Boundaries can be physical, psychological, emotional, financial or energetic. They change depending on context. For instance, it may feel good when a lover holds your hand and gazes into your eyes, but if the cashier at the grocery store does that while handing you back your change, that’s a different story. If you go to the dentist and he asks you to remove your shirt so he can massage your shoulders, you’d probably walk out in a huff. But if you are getting a massage or acupuncture treatment, that request is perfectly normal coming from someone you’ve just met.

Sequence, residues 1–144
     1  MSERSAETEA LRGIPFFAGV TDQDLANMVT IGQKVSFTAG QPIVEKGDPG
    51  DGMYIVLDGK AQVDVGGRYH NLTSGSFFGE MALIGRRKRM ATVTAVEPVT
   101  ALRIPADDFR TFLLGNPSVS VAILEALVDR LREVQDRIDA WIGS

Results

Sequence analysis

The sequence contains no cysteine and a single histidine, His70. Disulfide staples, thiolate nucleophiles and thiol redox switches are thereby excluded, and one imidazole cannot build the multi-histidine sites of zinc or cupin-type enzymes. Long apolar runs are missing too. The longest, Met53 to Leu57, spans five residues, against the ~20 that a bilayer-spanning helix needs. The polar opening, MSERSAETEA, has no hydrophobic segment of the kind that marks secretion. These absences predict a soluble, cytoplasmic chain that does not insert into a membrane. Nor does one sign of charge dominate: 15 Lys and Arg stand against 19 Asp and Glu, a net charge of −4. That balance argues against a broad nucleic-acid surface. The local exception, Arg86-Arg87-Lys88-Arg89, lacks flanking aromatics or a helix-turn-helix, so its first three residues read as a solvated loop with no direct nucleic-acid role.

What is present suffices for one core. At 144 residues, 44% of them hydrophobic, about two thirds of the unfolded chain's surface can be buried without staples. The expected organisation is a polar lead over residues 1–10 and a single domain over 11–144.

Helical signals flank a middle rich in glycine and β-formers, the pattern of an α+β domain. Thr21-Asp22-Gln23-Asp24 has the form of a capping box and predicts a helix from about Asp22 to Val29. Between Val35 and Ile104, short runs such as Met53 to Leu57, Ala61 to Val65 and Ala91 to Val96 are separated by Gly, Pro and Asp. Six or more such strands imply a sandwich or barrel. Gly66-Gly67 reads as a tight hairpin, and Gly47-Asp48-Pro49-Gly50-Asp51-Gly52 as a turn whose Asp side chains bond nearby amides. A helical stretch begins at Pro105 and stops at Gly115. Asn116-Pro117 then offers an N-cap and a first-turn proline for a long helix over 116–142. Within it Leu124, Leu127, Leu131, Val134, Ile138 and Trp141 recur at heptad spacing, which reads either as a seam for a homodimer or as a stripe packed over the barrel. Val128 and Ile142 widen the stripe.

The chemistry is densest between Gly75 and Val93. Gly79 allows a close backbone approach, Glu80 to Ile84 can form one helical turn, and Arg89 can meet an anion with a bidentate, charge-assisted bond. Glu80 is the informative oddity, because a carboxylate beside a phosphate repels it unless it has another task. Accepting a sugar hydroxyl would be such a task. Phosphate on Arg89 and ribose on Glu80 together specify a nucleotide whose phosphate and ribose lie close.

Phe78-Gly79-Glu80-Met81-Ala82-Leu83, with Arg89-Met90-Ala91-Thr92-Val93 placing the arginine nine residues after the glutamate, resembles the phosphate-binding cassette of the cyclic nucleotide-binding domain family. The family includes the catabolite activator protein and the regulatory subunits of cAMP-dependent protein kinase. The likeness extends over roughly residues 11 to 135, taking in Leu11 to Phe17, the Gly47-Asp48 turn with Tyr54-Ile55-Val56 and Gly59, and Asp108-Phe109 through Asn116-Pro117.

In general we don’t allow strangers to have prolonged physical contact with us in public. I had a male chemistry teacher in high school who would come over and touch the girls’ shoulders during exams; we all thought he was creepy, and eventually he got reprimanded and almost fired. In a yoga class, however, it is considered perfectly OK to be touched by a total stranger, as long as that person is the yoga teacher and not the guy next to you. Think about it. In what other setting would you allow someone to grab your hips to lengthen your spine or spiral your inner thighs in the right direction? None. Yoga teachers are in an incredibly unique position within a unique context. We can waltz into someone’s very personal and intimate space and engage with them verbally and physically without getting their explicit consent.